We’ve said it once, and we’ll say it again
Bylaws regarding using RVs as permanent extra sleep space vary depending on your location. In fact, some places don’t allow them at all. How can you know for sure? It’s the old CL party line—call your municipality.
Modern retro with pops of colour
Lija Skobe knows a good thing when she sees it. She’d been scouring the market for a year for a trailer that she could use as extra sleeping accommodations at her cottage (“From Latvia, With Love, June/July ’20). But the options were less than inspiring—until she spotted “Sofia” on Kijiji two years ago.
The four-sleeper was in pristine condition and only needed cosmetic touch-ups. “She was brown and beige all over, but she wasn’t dirty or musty, and the fridge, stove, and water all worked,” says Lija. “I’d seen some really crappy trailers out there, so I knew right away that this was the one.” The seller was moving, so Lija negotiated an excellent price—$4,500, which left about $800 in her budget for the makeover.
After giving the trailer a name—a nod to a recent trip to Bulgaria, plus her eastern European heritage—Lija set about giving Sofia a new look. Because the trailer is sometimes included when Lija rents out her cottage, she chose durable fabrics for the furniture and more forgiving, darker colours throughout. In the kitchen, she painted the wood cabinets Orion Gray by Behr, a shade that helps disguise dust and fingerprints.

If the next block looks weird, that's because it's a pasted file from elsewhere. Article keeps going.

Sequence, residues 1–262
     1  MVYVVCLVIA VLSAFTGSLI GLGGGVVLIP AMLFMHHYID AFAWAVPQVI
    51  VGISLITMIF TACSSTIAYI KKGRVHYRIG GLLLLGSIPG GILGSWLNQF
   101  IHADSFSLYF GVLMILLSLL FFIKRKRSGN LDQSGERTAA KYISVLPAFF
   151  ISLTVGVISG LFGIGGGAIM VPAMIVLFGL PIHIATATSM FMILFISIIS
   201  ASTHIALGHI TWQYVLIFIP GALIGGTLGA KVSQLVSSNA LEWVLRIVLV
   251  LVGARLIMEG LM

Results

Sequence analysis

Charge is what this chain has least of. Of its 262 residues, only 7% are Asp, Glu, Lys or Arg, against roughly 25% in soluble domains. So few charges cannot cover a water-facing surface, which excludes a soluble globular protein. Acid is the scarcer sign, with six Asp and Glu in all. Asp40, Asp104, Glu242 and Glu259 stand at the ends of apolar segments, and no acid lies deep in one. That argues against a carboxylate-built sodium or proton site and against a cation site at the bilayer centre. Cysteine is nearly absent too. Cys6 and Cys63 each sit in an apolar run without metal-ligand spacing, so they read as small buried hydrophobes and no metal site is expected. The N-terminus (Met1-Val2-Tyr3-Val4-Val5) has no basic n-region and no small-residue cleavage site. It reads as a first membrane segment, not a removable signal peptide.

The main living and sleeping quarters got a new white and grey pattern on the floors, thanks to peel-and-stick tiles, and grey couch covers to match the cabinets. “Upholstery would have been too expensive, so I found elastic couch covers online that can be easily removed and washed,” she says.
Lija added decorative flourishes with a mix of solid and patterned cushions, ceramic accessories, multicoloured flags, and vintage postcards that she tucked into Ikea frames. Around the perimeter of the bedroom is a storage nook with netting, to keep items secure when the trailer’s in motion: “It’s important to have a lot of storage so you can put everything flat, including the TV, when you’re travelling,” she says.
For now, Sofia sits by the cottage shed with a slice of lake view. “It’s cute, calming, and a great little place to escape,” says Lija. “I haven’t taken her for a full spin yet, but we’re hoping to head to the East Coast at some point this year.”
Beth Hitchcock is a design contributor to The Globe and Mail. She also wrote “Share to Join Us?” in our May ’21 issue.
Tricks of the trailer
Whether you’re transforming an RV or a bunkie, these design tips have a big impact on the flair and functionality of your small space.
Go for faux
Lija sourced peel-and-stick decals from a company called Quadrostyle for the floor and backsplash. “It looks like tile for a fraction of the cost,” she says. Better yet, faux tile is a breeze to clean and won’t crack when the trailer moves or the weather dips below zero.
Think in multiples
Carey relies on multi-purpose furniture to get the most from her limited square footage. “A bench can work as a shoe rack, extra seating, or a table for my laptop to watch movies at night,” she says.
Choose a cohesive palette
Too many colours and patterns in a small space can look chaotic. Lija stuck with blue as the predominant colour and layered in gold tones for a warm accent. “I purchased a bunch of inexpensive pillows and candle holders in those colours and they instantly freshened up the trailer, as did the $30 tables from Marshalls.”